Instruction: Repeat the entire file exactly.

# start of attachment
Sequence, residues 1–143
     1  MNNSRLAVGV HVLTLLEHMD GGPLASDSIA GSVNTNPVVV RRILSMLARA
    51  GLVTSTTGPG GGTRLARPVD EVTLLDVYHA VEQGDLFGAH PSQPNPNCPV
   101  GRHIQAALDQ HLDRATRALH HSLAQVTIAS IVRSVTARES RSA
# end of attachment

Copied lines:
Sequence, residues 1–143
     1  MNNSRLAVGV HVLTLLEHMD GGPLASDSIA GSVNTNPVVV RRILSMLARA
    51  GLVTSTTGPG GGTRLARPVD EVTLLDVYHA VEQGDLFGAH PSQPNPNCPV
   101  GRHIQAALDQ HLDRATRALH HSLAQVTIAS IVRSVTARES RSA